Like the struggling Chelsea manager, Theresa May once again showed she is unable to switch her tactics.
The leaders were back this week. May’s trip to Belfast last week meant David Lidington and Emily Thornberry stood in, a steady and gaffe-free affair given that, unlike their ostensible superiors, both are capable of thinking on their feet.
But May and Corbyn were back in their usual places this week and began with both paying tribute to England’s 1966 World Cup-winning goalkeeper Gordon Banks, who has died aged 81.
This led to a sort of light-hearted ‘I’m old enough to remember 1966’ and ‘me too ho ho ho we’re so old’ riffing, the type of entry-level banter you imagine May and Corbyn could just about muster on the walk to the Queen’s Speech, in the days when he had things like Queen’s Speeches and legislation.
The football talk got me thinking about tactics, and then to PMQs tactics. Corbyn is Claudio Ranieri – tinkering, never sure of his best approach, seen as a funny eccentric for a year or so and now widely derided.
May is Maurizio Sarri – stubbornly sticking to one tactic and one tactic only, even when abundantly clear to all and sundry it isn’t working.
In May’s case that is to tell the questioner, pretty much regardless of what is being asked, is that the way to avoid no deal is to vote for her deal. It’s wearying, ineffective and not a great argument against the claim she’s trying to run the clock down until enough MPs are spooked into voting for it.
This week Corbyn tinkered with his preferred strategy of reading out six unrelated questions regardless of what answers they solicit and focused on one subject.
It wasn’t Olly Robbins’ unguarded tap room talk though, nor Amber Rudd’s admission on universal credit (indeed, it was only Heidi Allen, a Tory MP who sounds like a Labour one, who brought that up) but the ultimate Brexit microcosm: Chris ‘Failing’ Grayling and the ship company with no ships.
Corbyn described May’s Brexit strategy as ‘costly, shambolic and deliberately evasive’, saying it was summed up by the fiasco around Seaborne Freight. The company, which won a contract to provide extra ferry services in case of a no deal, had ‘no ships and no trading history’.
Grayling, said Corbyn, had told MPs last month he was ‘confident the firm would deliver the service’, adding: ‘What went wrong?’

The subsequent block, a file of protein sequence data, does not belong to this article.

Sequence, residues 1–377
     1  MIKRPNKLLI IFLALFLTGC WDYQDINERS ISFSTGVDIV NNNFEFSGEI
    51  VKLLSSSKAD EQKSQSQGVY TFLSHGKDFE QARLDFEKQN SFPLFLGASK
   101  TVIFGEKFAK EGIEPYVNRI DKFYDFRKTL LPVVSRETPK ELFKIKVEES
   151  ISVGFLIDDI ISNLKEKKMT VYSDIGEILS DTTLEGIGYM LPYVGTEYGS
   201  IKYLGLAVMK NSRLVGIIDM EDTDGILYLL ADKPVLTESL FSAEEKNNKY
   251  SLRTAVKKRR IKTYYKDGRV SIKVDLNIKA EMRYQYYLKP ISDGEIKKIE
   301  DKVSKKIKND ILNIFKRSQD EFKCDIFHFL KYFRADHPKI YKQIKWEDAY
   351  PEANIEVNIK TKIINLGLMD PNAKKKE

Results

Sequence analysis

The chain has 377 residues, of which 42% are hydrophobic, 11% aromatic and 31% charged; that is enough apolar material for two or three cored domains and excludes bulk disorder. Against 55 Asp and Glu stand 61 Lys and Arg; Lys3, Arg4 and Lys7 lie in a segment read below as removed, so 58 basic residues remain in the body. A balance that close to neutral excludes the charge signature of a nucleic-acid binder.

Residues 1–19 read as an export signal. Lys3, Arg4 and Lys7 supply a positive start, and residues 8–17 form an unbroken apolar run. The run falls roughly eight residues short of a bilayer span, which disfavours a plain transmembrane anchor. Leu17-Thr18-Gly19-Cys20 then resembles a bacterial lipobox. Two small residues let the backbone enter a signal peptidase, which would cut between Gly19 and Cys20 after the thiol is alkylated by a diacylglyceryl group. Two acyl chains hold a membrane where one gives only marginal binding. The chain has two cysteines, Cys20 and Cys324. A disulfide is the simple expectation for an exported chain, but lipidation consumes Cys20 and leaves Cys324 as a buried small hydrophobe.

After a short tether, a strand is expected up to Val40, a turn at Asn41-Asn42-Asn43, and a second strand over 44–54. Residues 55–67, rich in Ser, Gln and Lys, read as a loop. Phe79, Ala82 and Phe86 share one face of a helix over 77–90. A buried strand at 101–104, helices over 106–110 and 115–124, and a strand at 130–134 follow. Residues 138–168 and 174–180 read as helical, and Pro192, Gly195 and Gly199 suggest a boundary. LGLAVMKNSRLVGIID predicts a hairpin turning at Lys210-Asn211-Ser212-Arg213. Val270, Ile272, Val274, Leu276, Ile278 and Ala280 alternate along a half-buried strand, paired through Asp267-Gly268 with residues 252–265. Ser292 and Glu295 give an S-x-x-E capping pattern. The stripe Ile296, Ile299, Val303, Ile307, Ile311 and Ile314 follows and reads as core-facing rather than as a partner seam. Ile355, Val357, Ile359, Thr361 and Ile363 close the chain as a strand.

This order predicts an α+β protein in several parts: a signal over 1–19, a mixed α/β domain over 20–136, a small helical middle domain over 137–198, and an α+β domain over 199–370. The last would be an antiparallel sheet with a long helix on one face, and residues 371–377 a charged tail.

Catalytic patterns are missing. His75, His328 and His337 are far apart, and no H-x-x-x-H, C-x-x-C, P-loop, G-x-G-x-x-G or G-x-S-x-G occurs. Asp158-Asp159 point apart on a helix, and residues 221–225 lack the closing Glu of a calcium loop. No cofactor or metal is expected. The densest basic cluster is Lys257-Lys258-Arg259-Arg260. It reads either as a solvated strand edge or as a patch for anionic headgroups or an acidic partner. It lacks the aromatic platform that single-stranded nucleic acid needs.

In response May said the contract went to three companies in total, with the other two making up 90% of the capacity, with both still in place. So that’s alright then
She said: ‘Due diligence was carried out on all of these contracts and as Mr Grayling made clear earlier this week, we will continue to ensure we provide that capacity, which is important in a no-deal situation.’
Corbyn asked, not unreasonably, how on earth May could say she had confidence in Grayling. May said he was delivering the ‘biggest rail investment programme since the Victorian era’, although on what, who knows? Trains without wheels? Stations with no platforms?
She then went on to say, not unreasonably, that MPs did not know if Corbyn backed a second referendum, backed a deal or backed Brexit. And that, yes – if he didn’t want no deal he needed to vote for her deal.
‘He prefers ambiguity and playing politics to acting in the national interest,’ she said. ‘People used to say he was a conviction politician – not any more.’ Note this – it will be the Tory line to take in any snap election.
Elsewhere, the SNP’s Ian Blackford began by congratulating those of his colleagues wearing yellow in honour of Catalan separatists currently in court. Ian Blackford was not wearing yellow.
He argued the prime minister ‘continues to run the clock down’ as he called on her to extend Article 50. Here she did the one tactical switch she is capable of – responding to any question from the SDP by reminding them they lost the 2014 independence referendum.
All in all, then, a narrow 1-0 win for Corbyn’s lead over a side they really should be stuffing. RIP Gordon Banks – if this pair had been bearing down on you in goal you could have lit a fag and read a book.